A friend said to me the other day: I know people need to know about experiences of racism, but they also need to know about the positivity in the community. And she was right.
For all that Black people suffer with racism and microaggressions, after suffering from enslavement and segregation, there are many moments of joy in a Black person's life. Here are a few of those:
Sometimes it's when you catch the eye of someone who looks like you. There's a world of empathy and understanding in a simple nod. For that brief moment, you see and are seen, and it's a balm to the spirit.
Sometimes it's the triumph of achievement at school or at work, of being the person in your family to excel, knowing that means you can lift others up, just as others have paved the way for you to rise.
Sometimes it's seeing how, through the generations, your family has fought hard won victories to improve your lot. As the descendant of enslaved people, you've more than earned the right to bask in any success you gain.
Sometimes it's the unfettered exhilaration of hanging with family and friends, enjoying music, food, and company where you can be fully yourself, in a way you can't when you're out in the white majority world.
Sometimes it's knowing that the way you move in the world inspires others like you.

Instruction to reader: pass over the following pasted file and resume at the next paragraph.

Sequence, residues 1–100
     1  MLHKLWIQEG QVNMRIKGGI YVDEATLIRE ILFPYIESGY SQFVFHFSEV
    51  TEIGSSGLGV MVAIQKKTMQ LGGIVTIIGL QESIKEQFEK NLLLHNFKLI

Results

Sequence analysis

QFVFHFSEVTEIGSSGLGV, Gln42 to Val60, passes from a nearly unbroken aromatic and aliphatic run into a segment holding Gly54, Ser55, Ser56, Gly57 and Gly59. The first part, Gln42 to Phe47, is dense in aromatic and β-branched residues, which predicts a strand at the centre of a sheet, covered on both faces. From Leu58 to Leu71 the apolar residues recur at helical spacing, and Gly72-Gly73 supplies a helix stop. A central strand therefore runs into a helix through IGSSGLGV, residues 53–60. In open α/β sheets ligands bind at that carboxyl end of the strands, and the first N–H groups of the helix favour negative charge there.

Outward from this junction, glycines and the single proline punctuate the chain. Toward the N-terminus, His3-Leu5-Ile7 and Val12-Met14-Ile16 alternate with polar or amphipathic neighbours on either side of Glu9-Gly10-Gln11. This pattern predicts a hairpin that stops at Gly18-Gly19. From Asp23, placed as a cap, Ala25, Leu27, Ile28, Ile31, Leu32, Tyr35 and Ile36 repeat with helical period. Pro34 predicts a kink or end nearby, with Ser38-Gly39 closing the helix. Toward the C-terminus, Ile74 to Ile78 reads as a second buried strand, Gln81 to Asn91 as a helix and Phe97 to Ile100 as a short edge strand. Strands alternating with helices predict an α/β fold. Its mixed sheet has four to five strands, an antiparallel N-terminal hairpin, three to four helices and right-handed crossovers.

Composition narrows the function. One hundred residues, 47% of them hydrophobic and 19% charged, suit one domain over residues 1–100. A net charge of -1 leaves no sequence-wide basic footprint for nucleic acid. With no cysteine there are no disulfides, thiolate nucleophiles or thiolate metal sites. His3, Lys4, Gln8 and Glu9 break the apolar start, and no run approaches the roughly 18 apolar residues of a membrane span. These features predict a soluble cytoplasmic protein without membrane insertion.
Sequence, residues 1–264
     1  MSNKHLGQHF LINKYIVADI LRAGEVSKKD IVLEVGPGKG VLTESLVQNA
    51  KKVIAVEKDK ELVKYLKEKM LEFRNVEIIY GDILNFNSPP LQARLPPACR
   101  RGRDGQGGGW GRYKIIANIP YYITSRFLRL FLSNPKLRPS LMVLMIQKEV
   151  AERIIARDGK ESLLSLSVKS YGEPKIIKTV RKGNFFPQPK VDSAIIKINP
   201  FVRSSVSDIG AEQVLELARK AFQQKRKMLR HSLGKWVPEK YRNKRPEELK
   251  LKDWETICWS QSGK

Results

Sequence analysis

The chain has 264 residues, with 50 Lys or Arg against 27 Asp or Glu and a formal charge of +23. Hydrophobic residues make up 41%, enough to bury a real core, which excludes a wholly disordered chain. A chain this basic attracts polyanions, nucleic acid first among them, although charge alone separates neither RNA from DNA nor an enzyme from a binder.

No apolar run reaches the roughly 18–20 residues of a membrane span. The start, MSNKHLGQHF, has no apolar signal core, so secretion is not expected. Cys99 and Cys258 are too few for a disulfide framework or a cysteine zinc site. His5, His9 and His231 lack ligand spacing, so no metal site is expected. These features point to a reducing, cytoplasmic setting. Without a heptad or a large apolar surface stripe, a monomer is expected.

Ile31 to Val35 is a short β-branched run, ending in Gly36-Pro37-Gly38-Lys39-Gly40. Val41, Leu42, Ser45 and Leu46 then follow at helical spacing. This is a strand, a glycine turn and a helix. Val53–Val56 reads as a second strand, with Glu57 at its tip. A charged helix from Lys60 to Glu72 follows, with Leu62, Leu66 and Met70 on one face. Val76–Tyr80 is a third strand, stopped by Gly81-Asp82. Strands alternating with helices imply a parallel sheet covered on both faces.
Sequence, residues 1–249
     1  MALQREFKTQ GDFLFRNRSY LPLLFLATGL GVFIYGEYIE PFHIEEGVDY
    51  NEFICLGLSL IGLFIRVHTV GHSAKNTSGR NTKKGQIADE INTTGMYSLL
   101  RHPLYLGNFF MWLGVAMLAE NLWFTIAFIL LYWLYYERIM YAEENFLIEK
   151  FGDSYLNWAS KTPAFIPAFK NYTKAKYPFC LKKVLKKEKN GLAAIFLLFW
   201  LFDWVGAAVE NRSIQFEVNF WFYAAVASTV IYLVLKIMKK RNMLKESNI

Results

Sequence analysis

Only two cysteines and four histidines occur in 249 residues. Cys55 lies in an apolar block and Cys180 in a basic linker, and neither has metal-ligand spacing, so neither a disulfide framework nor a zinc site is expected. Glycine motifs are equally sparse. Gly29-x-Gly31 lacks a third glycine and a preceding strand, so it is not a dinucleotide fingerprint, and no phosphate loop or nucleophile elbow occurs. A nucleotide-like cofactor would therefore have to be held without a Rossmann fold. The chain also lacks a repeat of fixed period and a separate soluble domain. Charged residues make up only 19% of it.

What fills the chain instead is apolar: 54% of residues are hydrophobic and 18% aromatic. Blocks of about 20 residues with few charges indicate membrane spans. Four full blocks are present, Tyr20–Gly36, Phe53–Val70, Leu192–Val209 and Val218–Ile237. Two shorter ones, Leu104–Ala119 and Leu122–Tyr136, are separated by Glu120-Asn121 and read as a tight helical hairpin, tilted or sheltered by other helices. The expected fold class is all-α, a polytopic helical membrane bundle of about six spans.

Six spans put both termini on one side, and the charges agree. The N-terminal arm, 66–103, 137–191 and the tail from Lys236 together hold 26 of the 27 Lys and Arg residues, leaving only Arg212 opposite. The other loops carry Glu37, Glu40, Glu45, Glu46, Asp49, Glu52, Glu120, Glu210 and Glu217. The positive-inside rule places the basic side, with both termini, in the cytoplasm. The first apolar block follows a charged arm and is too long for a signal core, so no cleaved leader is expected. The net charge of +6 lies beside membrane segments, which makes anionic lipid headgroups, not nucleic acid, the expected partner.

Sometimes it's seeing others who don't look like you join in the anti-racism fight, and the knowledge that you're not going it alone.
Sometimes it's the fleeting moments when all's right with the world, and you feel like your full self, when you put the ills behind you and focus on the happiness.
Sure, sometimes being Black can be hard, especially for those existing in minoritized spaces. But sometimes it's joyous, and those kernels of joy let us survive the difficult times.
These are just a few examples, but there are others, and we need to value those moments.
A wise woman said that in a world which tries to make Black people less than they are, experiencing and showing joy is also an act of resistance and rebellion. So let us feel that joy, then return to the fight.
As always, thanks for reading and for supporting this newsletter. I look forward to your comments.
© Sharon Hurley Hall, 2020. All Rights Reserved.
Cover photo courtesy of Canva.